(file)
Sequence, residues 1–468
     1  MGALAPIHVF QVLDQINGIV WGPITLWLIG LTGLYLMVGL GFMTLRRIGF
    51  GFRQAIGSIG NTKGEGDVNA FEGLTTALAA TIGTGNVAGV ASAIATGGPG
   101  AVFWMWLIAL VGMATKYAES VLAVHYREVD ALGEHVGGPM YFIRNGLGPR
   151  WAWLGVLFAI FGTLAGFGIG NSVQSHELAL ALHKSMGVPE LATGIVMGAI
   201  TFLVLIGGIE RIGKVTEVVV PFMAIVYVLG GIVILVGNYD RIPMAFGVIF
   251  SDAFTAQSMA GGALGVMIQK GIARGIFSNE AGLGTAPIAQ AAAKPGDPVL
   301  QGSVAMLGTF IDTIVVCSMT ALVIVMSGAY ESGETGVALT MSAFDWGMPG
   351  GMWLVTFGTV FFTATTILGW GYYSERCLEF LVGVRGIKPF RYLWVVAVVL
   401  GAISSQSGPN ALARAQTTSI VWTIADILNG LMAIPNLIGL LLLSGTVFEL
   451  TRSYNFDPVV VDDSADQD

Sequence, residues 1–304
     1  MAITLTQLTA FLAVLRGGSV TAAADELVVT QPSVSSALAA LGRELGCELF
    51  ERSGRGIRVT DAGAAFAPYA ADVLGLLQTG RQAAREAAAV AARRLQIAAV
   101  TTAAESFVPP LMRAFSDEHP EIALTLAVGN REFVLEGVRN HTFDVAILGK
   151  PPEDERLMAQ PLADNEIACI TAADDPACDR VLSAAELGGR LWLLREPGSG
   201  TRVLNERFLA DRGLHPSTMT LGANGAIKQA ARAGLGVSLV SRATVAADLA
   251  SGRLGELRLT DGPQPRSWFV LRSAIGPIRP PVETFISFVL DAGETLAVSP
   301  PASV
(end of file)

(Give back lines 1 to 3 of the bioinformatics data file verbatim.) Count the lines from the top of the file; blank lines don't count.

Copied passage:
Sequence, residues 1–468
     1  MGALAPIHVF QVLDQINGIV WGPITLWLIG LTGLYLMVGL GFMTLRRIGF
    51  GFRQAIGSIG NTKGEGDVNA FEGLTTALAA TIGTGNVAGV ASAIATGGPG